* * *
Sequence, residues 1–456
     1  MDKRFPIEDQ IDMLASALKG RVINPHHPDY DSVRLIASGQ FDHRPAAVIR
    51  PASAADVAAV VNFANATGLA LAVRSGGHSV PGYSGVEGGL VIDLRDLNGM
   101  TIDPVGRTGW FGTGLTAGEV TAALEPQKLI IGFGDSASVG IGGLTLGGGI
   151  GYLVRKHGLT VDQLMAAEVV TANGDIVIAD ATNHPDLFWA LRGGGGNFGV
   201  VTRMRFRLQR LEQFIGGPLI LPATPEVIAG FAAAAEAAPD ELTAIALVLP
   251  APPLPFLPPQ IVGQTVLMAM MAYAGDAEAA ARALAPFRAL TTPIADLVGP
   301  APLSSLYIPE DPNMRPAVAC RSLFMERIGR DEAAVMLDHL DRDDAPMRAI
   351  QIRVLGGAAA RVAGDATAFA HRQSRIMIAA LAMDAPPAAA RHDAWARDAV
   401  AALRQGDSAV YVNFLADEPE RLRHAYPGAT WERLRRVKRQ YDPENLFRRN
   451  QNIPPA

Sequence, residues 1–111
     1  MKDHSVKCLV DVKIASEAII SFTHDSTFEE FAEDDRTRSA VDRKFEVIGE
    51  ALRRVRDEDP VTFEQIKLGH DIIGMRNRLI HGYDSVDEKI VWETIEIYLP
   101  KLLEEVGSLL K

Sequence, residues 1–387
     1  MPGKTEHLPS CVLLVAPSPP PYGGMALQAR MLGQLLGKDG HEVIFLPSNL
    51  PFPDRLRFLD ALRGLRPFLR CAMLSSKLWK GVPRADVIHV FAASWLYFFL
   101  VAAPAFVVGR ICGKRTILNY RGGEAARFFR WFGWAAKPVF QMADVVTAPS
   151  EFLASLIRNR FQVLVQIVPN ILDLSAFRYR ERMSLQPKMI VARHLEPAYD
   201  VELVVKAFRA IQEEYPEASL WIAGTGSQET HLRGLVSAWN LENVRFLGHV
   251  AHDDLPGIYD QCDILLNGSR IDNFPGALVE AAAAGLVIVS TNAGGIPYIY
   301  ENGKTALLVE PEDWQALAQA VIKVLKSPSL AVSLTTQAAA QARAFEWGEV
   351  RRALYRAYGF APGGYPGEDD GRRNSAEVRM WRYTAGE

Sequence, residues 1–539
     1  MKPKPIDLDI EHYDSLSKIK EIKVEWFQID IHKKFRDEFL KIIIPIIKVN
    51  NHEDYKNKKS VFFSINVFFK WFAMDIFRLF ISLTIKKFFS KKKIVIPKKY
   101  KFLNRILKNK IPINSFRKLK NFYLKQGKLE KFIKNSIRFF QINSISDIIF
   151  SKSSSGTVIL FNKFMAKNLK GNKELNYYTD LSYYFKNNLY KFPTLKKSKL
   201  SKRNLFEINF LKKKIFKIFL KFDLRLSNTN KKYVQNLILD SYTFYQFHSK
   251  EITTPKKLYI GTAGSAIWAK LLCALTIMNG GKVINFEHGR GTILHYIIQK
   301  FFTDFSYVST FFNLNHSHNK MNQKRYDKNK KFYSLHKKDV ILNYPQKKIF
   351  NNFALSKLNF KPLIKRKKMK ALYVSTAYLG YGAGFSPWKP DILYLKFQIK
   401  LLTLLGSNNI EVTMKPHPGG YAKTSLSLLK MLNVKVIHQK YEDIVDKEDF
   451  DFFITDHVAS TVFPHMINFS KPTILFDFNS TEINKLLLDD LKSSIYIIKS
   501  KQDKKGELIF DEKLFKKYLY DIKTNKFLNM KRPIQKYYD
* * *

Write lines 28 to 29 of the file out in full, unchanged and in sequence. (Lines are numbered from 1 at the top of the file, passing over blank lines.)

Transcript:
   101  KFLNRILKNK IPINSFRKLK NFYLKQGKLE KFIKNSIRFF QINSISDIIF
   151  SKSSSGTVIL FNKFMAKNLK GNKELNYYTD LSYYFKNNLY KFPTLKKSKL